So you basically have a "part-time" geostationary satellite. You have to have several (at least three) in the orbit, to provide continuous coverage (one takes over just as the previous one is heading back toward perigee). But Russia has a lot of territory at far northern latitudes, where "normal" geostationary satellites are just not a reasonable prospect; they would be hugging the southern horizon.
To see this in Guide, set your lat/lon to be around E 50, N 60 (central Russia), and hit Alt-N. This results in a view of the zenith, full-sky (180 degrees), with the horizon surrounding the chart.
Now go into "Settings... TLE=" and select MOLNIYA.TLE. It may not appear; if so, download and save MOLNIYA.TLE (about 4 KBytes) to your Guide directory. Go into "Data Shown" and turn Satellites to On. Personally, I'd turn satellite labels off, too; they're apt to get pretty cluttered-looking.
Now start up the Animation dialog and set the "Horizon" radio button, and start animating with, say, a 15-minute step. The pattern of Molniya motion will become very obvious. If the screen flickers, go under "Display" and make sure that "Direct to Screen" is not checked.
Jari is in Finland, and has done some observing of Molniyas. Like geosynchs, they have the advantage that Dobsonian owners can observe them without having to worry much about tracking problems. One need not be especially close to the USSR to see them, either. After all, these objects are in 12-hour orbits; if they "hover" over, say, E 50, N 60 on one orbit, then they will wind up over W 130, N 60 on their next orbit. Observers in Canada will find that these objects are quite nicely placed.
By the way, it can also be interesting to observe Iridium satellite orbits as seen from the Moon. Set your "home planet" to be the moon, look back at the earth, and load up a set of Iridium elements. (You can get current Iridium elements, and Molniya elements, and quite a few others, at this Web site. You'll also see that there is an example set provided with Guide... this will eventually be out of date, but can still give you the general idea of what the Iridium system looks like.)
If you animate with a step size of a minute or so, you can see the pattern in the Iridium "satellite constellation". Over half the earth, satellites are travelling north to south. On the other half, they run south to north. They fall into "tracks"; satellites in adjacent tracks are staggered, so you get a network of equilateral triangles. Presumably, the designers of this configuration wanted to use a minimal number of satellites. Also, for any long-path call, the call would have to be passed from one satellite to the next; keeping the number of "lateral passes" needed to a minimum would be a goal. Also, you would want to be sure that all parts of the world see at least one Iridium satellite, within decent range, all the time.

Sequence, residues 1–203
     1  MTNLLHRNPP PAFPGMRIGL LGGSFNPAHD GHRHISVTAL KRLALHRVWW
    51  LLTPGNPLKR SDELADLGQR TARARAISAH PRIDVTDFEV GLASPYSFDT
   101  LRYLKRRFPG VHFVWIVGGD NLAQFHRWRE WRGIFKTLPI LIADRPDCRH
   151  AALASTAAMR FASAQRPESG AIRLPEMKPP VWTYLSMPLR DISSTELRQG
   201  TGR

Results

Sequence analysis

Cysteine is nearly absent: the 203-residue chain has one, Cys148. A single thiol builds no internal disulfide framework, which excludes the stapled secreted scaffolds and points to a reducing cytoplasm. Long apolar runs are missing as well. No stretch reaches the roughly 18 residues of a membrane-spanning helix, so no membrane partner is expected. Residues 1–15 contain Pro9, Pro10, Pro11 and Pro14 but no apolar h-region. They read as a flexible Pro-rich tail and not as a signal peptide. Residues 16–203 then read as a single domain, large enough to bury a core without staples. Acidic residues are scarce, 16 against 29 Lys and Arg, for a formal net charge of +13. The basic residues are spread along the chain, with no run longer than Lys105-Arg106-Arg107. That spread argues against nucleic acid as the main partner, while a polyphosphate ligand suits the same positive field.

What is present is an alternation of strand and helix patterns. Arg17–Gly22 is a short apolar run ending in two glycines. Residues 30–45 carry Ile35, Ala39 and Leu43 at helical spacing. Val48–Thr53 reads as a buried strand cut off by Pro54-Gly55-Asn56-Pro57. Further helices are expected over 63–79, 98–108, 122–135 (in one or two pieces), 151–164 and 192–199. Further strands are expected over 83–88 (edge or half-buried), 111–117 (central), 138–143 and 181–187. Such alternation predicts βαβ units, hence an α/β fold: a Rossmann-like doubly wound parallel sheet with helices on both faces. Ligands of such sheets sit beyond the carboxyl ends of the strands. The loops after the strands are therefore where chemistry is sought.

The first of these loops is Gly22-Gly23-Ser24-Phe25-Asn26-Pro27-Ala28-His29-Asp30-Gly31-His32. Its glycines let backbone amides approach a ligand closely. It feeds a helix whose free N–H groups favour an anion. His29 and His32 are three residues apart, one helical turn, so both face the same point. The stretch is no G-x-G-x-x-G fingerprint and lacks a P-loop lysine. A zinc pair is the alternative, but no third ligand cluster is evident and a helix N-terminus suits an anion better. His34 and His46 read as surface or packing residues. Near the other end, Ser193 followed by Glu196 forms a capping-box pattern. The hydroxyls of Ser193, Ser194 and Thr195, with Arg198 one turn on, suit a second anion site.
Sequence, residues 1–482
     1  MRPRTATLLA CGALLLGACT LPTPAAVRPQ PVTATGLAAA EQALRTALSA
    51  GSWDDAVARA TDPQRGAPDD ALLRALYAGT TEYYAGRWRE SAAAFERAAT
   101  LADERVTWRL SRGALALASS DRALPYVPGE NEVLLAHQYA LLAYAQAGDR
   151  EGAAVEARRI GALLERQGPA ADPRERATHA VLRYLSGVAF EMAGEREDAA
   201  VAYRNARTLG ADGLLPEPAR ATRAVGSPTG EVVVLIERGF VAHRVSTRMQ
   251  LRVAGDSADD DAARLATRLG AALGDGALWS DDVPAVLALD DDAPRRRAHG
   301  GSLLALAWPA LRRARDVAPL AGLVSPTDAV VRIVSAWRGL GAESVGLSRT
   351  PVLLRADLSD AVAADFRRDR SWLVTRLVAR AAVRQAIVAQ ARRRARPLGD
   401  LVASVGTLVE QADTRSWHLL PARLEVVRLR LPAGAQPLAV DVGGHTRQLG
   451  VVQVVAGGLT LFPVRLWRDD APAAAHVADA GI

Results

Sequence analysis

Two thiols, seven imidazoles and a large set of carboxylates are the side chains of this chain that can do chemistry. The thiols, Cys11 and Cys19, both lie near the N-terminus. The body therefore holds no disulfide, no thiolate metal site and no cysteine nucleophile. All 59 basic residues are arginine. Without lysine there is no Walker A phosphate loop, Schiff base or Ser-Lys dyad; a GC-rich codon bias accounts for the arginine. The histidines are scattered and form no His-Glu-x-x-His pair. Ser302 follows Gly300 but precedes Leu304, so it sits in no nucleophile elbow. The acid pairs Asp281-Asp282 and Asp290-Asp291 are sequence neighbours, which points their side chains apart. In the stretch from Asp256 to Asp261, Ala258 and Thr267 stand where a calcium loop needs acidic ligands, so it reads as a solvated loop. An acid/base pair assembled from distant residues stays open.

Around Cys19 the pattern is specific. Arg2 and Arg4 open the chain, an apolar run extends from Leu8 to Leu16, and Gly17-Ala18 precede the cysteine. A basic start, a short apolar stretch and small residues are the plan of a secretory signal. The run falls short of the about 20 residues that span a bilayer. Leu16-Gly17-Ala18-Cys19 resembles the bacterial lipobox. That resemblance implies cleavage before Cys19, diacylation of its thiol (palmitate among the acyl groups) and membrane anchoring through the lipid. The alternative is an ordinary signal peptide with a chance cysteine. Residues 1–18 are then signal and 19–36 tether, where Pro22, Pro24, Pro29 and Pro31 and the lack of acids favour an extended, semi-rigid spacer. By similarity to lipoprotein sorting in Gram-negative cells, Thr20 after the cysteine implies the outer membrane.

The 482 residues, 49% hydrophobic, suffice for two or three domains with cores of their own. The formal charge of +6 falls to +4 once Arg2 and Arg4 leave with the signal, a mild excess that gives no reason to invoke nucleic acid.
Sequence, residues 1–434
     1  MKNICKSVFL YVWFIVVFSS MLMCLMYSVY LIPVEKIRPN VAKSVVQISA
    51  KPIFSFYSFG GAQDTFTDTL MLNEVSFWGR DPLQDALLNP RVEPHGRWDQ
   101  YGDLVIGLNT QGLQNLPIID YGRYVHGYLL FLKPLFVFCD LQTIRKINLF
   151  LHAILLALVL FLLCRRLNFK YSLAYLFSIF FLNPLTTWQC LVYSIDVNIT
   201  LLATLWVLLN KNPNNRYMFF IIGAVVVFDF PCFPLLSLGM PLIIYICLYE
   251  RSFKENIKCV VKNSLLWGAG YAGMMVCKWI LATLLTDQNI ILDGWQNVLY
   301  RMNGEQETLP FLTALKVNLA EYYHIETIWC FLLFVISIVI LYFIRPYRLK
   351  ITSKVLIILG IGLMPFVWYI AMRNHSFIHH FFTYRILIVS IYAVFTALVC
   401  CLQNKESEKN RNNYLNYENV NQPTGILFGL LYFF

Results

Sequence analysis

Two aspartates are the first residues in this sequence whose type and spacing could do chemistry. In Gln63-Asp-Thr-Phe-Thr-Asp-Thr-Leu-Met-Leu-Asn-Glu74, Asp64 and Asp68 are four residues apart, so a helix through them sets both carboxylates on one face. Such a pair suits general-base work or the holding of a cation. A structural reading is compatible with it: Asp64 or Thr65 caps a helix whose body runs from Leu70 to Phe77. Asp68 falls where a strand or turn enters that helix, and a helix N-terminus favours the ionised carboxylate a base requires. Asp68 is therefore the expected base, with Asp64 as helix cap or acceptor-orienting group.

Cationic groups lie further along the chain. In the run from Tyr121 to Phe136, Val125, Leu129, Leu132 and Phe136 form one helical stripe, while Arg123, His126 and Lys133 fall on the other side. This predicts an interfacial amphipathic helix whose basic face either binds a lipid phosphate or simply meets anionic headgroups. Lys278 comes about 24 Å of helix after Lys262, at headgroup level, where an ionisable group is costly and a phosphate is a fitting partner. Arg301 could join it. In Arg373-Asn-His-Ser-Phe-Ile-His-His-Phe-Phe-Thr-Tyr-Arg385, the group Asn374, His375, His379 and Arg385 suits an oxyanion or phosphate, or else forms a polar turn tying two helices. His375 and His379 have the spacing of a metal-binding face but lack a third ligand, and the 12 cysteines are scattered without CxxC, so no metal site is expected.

The Earth also rises (as seen from the moon)
It's often said that, because the moon always keeps one face to the earth, that the Earth hangs in one place in the sky as seen from the moon. If you were standing at a point near the lunar limb, the earth would appear fixed at the horizon, never rising and never setting.
This is mostly true, except that the moon doesn't keep just one face toward us; it librates ("wobbles") quite a bit. And correspondingly, you can see the Earth wobble a little bit around its fixed position in the lunar sky.
To see this, fire up Guide, and (under the Settings menu) click on the "Location" option. Set your home planet to be 'Luna', and your longitude to be W 90 or E 90 (latitude is irrelevant for this... but either longitude will put you on the lunar limb.) Do a "Go to... Planet" and look back at the earth. You may want to turn on the Inversion Dialog and set "Alt/Az up", so you get a nicely level horizon. (Also, it helps to go into the Backgrounds dialog and turn on the "filled ground" and horizon objects. The resulting barns, houses, and streetlights are admittedly incongruous for a lunar scene, but they do give you a frame of reference.)
Start up the Animation dialog, and click on the "horizon" radio button. Set the animation rate to about one day, and start animating.
Over the course of a lunar month, you'll see the earth wobble in a small circle, which will cause it to rise and set. You'll also see it go through a full set of phases, which will be opposite to those seen from earth ("Full moon" coincides with "New Earth", and "New moon" with "Full Earth").